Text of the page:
… and tomato plants were shipped to a nuclear dump in Aiken, South Carolina. …. This is the worst commercial nuclear accident in the United States to date. …. South African and Israeli nuclear programs, and radioactive emissions. … www.fact-index.com/l/li/list_of_nuclear_accidents.html
plus the crap that was dropped in Spain accidentally – well, not interesting, actually horrifying . . . I think they are still cleaning it up or paying for it or both – well, wait – I mean we, as American citizens are still paying for it to be dealt with – through the government.
Here is the listing of the South Carolina event from 1958 – from wikipedia –
A USAF B-47 bomber flying from Hunter Air Force Base in Savannah, Georgia accidentally released a nuclear bomb after the bomb lock failed. The chemical explosives detonated on impact in the suburban neighborhood of Florence, South Carolina. Radioactive substances were flung across the area. Several minor injuries resulted and the house on which the bomb fell was destroyed. No radiation sickness occurred.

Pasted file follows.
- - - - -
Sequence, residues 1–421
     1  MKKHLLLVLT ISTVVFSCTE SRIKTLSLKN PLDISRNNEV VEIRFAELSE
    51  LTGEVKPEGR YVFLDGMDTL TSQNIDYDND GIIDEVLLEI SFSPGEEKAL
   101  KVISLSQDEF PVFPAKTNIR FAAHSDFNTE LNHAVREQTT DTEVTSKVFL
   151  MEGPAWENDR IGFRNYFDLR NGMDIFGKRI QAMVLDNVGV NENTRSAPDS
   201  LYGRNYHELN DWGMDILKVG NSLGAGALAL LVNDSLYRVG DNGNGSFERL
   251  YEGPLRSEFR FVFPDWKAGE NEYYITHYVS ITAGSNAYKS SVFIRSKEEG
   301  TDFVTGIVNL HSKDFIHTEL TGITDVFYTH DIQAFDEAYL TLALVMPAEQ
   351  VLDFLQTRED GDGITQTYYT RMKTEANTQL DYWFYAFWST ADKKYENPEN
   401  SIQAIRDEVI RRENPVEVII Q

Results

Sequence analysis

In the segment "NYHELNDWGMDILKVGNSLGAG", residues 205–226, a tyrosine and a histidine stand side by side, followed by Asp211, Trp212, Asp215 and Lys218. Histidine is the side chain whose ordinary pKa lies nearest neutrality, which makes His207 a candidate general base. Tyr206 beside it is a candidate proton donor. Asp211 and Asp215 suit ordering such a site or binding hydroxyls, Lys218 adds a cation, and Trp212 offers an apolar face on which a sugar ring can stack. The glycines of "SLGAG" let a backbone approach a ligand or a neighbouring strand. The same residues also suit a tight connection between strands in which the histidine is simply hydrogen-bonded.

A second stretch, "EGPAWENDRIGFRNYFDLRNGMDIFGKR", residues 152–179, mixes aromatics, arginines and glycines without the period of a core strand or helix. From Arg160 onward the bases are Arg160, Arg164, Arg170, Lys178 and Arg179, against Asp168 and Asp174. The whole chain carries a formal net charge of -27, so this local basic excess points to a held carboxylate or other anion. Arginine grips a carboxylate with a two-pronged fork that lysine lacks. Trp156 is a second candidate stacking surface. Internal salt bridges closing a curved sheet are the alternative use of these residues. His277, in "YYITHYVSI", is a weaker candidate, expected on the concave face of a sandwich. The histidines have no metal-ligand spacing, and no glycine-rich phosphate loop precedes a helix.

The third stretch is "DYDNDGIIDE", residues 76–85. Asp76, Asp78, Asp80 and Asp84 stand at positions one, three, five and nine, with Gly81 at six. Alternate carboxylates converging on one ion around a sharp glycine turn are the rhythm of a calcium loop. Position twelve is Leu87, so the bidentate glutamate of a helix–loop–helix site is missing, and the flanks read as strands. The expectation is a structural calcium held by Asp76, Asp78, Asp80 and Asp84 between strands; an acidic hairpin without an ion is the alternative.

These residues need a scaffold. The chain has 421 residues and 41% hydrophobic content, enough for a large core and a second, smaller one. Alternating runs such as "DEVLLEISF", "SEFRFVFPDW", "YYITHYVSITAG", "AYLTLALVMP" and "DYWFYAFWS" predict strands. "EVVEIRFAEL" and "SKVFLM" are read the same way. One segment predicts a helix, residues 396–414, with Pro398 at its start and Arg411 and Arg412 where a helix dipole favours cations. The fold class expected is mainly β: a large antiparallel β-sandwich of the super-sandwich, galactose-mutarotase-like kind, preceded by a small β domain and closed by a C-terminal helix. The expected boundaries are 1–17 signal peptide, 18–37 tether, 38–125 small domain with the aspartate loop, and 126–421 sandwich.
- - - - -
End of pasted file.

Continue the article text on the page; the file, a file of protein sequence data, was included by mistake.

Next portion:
I had found more info on this somewhere else – and on the water supplies / wellwater and soils contaminated with radioactive materials and industrial waste in South Carolina, too. Hmmm…….
Where was that?
I’ll find it and post it some other time . . . it’s on a document somewhere.
My Other Note –
Three things –
1. it is going to take all of us and all of what we can all do.
2. the mess has already existed for over twenty years in every arena – in most cases, for over thirty years across the US.
3. there is nowhere to hide from it – not by pretending it doesn’t exist, not by hiring some single group to get their way over all others, and not by doing nothing.